Robyn Thomas was told she may never recover.
She was told her mental illness was so severe she might never again hold down a job, sustain a long-term relationship, and may need sedatives for the rest of her life. The trauma of sexualized violence combined with mental illness had her at a crisis point, her mother was even sleeping in front of her bedroom door at night to protect Thomas from herself.
“I tried to jump off a ferry, I tried to exit a moving car, I eventually tried to escape from my seventh-storey window,” Thomas said. “And that is when my mom had to call the police and they took me back to the psych ward.”
Thomas’ history of mental illness started at ten. As a child, she couldn’t stop thinking about the symmetry of her body, her hair, the way her stomach moved when she breathed. Intrusive and debilitating thoughts took over when she saw something a-symmetrical in herself. If someone yelled into one of her ears, she would ask them to yell into her other ear, the mirrors in her house had become an unhealthy obsession.
“I would just be stuck in front of the mirror for sometimes hours at a time, every single day,” Thomas said. “And just being unable to step away.”
In public, she learned to avert her gaze from reflective surfaces. She avoided mirrors, store windows and car windshields in case she saw her own reflection. As a teenager, she began to cut her herself, never too deep, just enough to “externalize her internal pain.” Sometime she would wander downtown Vancouver alone at two or three a.m., not caring if something would happen to her.
“(I) remember hearing this voice telling me I didn’t deserve to be here and I would never get out of this hell that I was in,” she said. “I remember looking in the mirror and not even recognizing who that person was.”
As a young adult Thomas suffered in private, working as a restaurant server and auditioning for acting gigs when she could. She didn’t share her pain with friends, her deepening shame exacerbated her pain, manifesting in suicidal thoughts.
“People often think that suicide is this selfish thing, ‘how could you do that to your family?’ But in my brain when I have been depressed, it tricks me into thinking literally everyone would be better off without me,” she said. “So it would be the kind thing to do.”
Thomas said trauma compounded her mental health challenges. Instances of sexualized violence, sexual harassment and being threatened at knifepoint forced her to leave her restaurant job. Seeking justice through the BC Human Rights Tribunal turned into an ordeal and didn’t yield the support she expected.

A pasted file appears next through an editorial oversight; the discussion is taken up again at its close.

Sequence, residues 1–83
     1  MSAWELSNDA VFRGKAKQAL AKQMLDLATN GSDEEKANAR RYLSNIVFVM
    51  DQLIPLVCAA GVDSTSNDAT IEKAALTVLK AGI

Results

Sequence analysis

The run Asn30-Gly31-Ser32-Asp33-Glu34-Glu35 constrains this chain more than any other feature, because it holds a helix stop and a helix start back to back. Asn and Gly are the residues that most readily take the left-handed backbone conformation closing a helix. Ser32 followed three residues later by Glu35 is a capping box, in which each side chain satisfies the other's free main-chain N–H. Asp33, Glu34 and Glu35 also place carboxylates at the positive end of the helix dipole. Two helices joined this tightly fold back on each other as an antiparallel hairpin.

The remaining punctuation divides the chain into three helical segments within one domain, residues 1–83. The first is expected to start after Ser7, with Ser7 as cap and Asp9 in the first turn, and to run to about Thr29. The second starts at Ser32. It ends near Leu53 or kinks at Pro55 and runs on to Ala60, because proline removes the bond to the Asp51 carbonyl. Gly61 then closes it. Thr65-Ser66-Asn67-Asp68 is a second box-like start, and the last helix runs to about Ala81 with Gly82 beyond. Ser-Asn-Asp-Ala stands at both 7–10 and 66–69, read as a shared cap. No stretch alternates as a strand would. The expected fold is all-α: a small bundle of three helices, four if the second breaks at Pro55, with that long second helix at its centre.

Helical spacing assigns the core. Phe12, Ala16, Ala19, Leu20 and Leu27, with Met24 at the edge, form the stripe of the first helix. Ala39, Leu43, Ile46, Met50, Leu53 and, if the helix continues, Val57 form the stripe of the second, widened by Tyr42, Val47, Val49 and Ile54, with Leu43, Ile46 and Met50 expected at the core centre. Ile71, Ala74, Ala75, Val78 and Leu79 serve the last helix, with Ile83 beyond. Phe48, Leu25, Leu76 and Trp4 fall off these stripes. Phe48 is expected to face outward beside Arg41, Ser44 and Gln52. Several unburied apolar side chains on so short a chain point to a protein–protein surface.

“Even the mediator from the Human Rights Tribunal, who was a man, told me to drop the case because I should be afraid for my life,” Thomas said. “That was really shocking to me. I wanted to stand up for myself and do this to protect women after me because I knew this wasn’t a one time incident with this man.”
Despite seeing her restaurant co-worker fired, the year-long process was heavy, stressful, taking a mental and emotional toll, her mental health was further tested when she was sexually assaulted on a trip to Morocco. She only escaped her assailant by defending herself with a rock to his head.
“That experience was the straw that kind of made everything fall apart,” she said. “ I had really bad suicidal thoughts and was making plans to end things. So one night I took myself to the emergency room,” she said.
Thomas’ life had hit a crisis, both ashamed of her illness and feeling guilt for what she had put her family and then boyfriend through, she couldn’t even leave the hospital she checked herself into. Looking back she says her suffering has turned into a blessing.
“For me mental illness has been this amazing teacher and when we are given this narrative (that) ‘It is a terrible shameful thing and it means you are broken for life’ then we get trapped in that,” Thomas said. “So I am grateful for everything I went through because it has made me a better person and made me treat myself a lot better… How to be compassionate to myself.”
Now a manager for the Victoria chapter of the Stigma-Free Society, she advocates for acceptance and understanding of mental illness. Thomas shares her personal challenges, travelling from school to school connecting with youth about the importance of a stigma-free society. Her job and a renewed sense of purpose has helped transform what was once shame into hope for anyone else suffering in silence.
“Define your own story, be compassionate with yourself,” she said. “Forgive yourself for what is not even your fault,” she said. “It’s a liberating thing when you can let all of that go and have compassion for ourselves and what we have been through.”
For more information on the Stigma-Free Society or their programs visit stigmafreesociety.com